If modeling by epidemiologists at the University of Arkansas for Medical Sciences’ Fay Boozman College of Public Health for the state’s coronavirus impact is right, the state’s cumulative cases should hit 94,681 by Oct. 19, seven days from now. That would be an increase of 5,811 over Tuesday’s cumulative of 88,870 (based on polymerase chain reaction tests alone, not antigen tests). That’s not far off the past seven-day trend: Between Oct. 7 and today, 5,121 cases based on PCR tests were added.
The modeling report, released today, also included data from the Arkansas Pandemic Poll that continues to show that Blacks and Hispanics are suffering more than whites when it comes to food insecurity, income and future employment.
The report also predicts a cumulative hospitalization total of 6,542 by Oct. 19 (an additional 473; compare to 220 Oct. 7-13) and a death total of 1,674 (an additional 211; compare to 143 Oct. 7-13). By Oct. 19, 6 percent of persons in the age 35-59 age bracket who’ve tested positive will be hospitalized, the report says, and that group will have the highest cumulative number of hospitalizations. By Oct. 19, of those ages 60-74 who’ve tested positive, 18 percent will be hospitalized, and for adults 75 and older, 25 percent will be hospitalized.
The short-term modeling is based on information from the Arkansas Department of Health and assumes similar testing and positivity trends and no changes in behavior or other factors. The reports project 15 days out, but do not provide daily totals.
The long-term (and less accurate) projection puts Arkansas’s peak in early March, with 52,000 active infections and 1,250 people hospitalized. The Sept. 23 report predicted a peak on Feb. 22; the Sept. 8 report put the peak in late December. The long-term projections are based on assumed growth rates in the number of positives; a lower growth rate — flattening the curve — lessons the burden on hospitals.
Counties whose cases increased more than 50 percent between Sept. 23 and Oct. 7 are mostly rural, the report finds. Cases in two counties, Scott and Logan, increased by greater than 300 percent Sept. 23-Oct. 7, and cases in two other counties; Hempstead, Polk and Prairie counties, more than doubled. College of Public Health Dean Mark Williams said in the accompanying video that cases in rural counties followed high numbers in urban areas randomly, popping up like a “whack-a-mole” game, which he said indicated that transmission is more strongly related to events and place than geography.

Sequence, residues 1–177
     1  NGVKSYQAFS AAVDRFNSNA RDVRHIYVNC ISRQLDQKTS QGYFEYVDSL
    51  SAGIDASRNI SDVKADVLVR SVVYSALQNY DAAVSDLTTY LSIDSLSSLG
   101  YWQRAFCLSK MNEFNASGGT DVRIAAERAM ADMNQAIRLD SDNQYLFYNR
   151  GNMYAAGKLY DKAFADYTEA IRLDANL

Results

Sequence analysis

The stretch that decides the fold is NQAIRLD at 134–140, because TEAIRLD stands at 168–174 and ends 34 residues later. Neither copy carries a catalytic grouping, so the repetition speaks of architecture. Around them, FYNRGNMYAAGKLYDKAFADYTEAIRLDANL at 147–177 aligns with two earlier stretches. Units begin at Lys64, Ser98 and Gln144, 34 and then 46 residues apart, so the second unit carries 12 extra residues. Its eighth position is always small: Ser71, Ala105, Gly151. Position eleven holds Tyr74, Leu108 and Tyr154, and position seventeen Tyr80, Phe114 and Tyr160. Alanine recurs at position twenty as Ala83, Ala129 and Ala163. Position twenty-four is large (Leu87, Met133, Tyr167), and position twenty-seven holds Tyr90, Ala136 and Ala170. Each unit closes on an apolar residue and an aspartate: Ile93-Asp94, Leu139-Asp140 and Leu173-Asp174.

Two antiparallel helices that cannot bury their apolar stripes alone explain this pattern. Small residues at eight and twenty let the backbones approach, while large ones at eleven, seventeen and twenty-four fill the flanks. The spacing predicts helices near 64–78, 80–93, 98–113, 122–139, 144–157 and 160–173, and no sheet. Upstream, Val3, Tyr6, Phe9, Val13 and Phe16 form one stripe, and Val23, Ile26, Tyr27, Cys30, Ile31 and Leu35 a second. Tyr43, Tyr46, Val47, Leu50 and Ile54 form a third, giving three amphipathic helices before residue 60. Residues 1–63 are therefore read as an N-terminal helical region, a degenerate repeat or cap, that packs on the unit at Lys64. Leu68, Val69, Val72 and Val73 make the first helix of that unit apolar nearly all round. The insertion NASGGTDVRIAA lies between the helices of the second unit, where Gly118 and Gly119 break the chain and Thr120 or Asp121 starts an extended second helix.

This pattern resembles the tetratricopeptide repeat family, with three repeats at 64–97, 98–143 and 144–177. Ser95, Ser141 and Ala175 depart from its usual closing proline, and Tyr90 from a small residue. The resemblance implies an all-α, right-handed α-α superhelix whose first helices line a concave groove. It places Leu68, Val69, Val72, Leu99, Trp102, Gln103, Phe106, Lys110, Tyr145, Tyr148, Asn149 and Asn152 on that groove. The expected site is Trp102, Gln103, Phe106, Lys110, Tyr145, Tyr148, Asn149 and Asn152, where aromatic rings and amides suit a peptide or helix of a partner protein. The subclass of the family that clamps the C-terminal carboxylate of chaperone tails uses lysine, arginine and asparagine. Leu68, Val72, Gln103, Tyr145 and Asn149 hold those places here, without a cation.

The College of Public Health also received 2,700 responses to its Arkansas Pandemic Poll using a random digit dial poll strategy. Results reported today:
* Blacks and Hispanics were twice as whites to say face masks are an effective measure to fight the pandemic, and persons over 60 were more than twice as likely as those under 50.
* Asked if they had enough money to buy the food their families needed in the past two weeks, almost 1 in 5 Hispanics and more than 1 in 10 Blacks said they did not. Nearly 600 people who responded to the poll said they did not have the money needed to buy food in the past two weeks, and 1 in 3 said they had had to go hungry.
* Asked if they were afraid of not having the money to pay rent or mortgage, 28 percent of Hispanics and 18 percent of Blacks said they were worried. Of all adults under 60, 14 percent said they were worried about having the money to pay rent or mortgage.
* Asked if they were worried about losing their jobs in the next two weeks, more than four times as many Hispanics and twice as many Blacks than whites were worried about their employment.
“The pandemic is not affecting everyone equally,” Williams said. “The racial and ethnic disparities that we see in other aspects of social life are very apparent when we look at COVID-19.”
One-fifth of adults over 60 who are diagnosed are likely to become hospitalized, Williams added, so he is worried about the potential for those adults to become infected as “younger and older family members begin to gather in the same place” over the holidays. “This is one reason the growth in infections among younger adults is so worrisome.”